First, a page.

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PHOENIX-According to two market reports, the soft office market definitely continued throughout the second quarter. Overall vacancies, ranging from 17.2% to 18.6%, have led to ideal conditions at least, for tenants, while forcing building owners to become a little more creative with their deals.

“In a market like this if you’re representing an owner, you’re encouraging short-term deals and encouraging them not to spend a lot of money in terms of tenant improvements,” says Thomas Johnston, senior managing director and branch manager with Cushman & Wakefield of Arizona Inc. “Conversely, if you’re representing a tenant, you’re encouraging that person to do long-term leases, more concessions from the landlord, more TI dollars and a lower rent.”

C&W’s midyear statistics show overall vacancy at 17.2% in the 70.6-million-sf inventory. At this time last year, vacancy stood at 14.8%. Net absorption for the Q2 ’08 stood at 61,583 sf.

Grubb & Ellis’ Q2 report shows a similar story: vacancy at 18.6% in a 63.3-million-sf inventory and net absorption of 27,414 sf. Year to date, net absorption is in the red by 178,795 sf.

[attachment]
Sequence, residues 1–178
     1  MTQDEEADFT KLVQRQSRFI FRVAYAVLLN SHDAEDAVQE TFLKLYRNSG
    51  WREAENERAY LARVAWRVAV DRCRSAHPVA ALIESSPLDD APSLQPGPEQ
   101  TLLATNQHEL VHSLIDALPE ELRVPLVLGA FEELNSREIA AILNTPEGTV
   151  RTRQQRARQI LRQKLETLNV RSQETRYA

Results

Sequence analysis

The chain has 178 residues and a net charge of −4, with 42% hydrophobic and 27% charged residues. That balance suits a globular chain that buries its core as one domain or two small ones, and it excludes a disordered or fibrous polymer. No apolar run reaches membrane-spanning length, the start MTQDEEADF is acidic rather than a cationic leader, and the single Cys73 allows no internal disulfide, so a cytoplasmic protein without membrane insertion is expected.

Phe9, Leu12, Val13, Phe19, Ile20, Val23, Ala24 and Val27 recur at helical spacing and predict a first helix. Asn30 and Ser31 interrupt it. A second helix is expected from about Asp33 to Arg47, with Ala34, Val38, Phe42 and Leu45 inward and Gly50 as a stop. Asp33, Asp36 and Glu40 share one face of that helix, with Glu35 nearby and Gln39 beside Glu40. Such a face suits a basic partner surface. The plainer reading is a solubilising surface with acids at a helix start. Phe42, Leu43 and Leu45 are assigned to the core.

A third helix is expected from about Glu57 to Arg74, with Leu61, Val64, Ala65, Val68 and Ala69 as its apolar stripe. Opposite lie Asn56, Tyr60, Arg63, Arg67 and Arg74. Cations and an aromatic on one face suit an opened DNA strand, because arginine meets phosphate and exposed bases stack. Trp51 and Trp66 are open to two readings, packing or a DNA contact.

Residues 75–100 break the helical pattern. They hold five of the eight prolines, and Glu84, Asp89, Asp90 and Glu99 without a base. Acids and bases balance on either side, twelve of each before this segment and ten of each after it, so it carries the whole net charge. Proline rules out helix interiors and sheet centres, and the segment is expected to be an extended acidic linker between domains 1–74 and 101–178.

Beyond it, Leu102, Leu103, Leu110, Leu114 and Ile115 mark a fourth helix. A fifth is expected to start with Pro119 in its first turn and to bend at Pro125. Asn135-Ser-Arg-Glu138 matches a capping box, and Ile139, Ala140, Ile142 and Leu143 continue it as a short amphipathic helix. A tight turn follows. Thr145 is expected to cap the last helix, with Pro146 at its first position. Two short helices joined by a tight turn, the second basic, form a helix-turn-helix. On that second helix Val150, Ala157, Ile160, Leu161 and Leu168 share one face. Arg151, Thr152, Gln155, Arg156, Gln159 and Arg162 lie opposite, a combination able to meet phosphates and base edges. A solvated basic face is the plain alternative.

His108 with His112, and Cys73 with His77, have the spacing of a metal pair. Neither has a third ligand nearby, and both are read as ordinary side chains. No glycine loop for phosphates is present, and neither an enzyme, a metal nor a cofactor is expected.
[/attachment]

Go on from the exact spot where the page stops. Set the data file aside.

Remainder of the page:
Jerry Noble, first vice president with CB Richard Ellis’ Phoenix office, tells GlobeSt.com that higher vacancies and slow absorption have meant more concessions for tenants, a trend that is likely to continue for awhile. “We’ve seen free rent coming into the market substantially and rental rates backing down from 5% to 15% depending on the part of town,” he says.

Johnston points out that today’s environment is keeping tenant representatives busy, but it also means building owner brokers have their work cut out for them. “This presents an opportunity to start sowing seeds and building relationships,” he adds. “One of our brokers said the other day that he’s giving a lot of free advice right now.”

Although Johnston and Noble agree that the market is soft, both have different predictions as to when Phoenix will come out of it. Johnston says the first part of 2009 will be tough, but things should move forward by 2010.

Noble, however, isn’t quite as optimistic, pointing out that the core markets continue to under perform and the housing market is still in flux. “If we could get back to an absorption number between 400,000 sf and 800,000 sf and stay on the positive side of that ledger, we’ll be in a decent spot,” he says. “With construction slowing down, that will give the market a chance to catch up with itself.”

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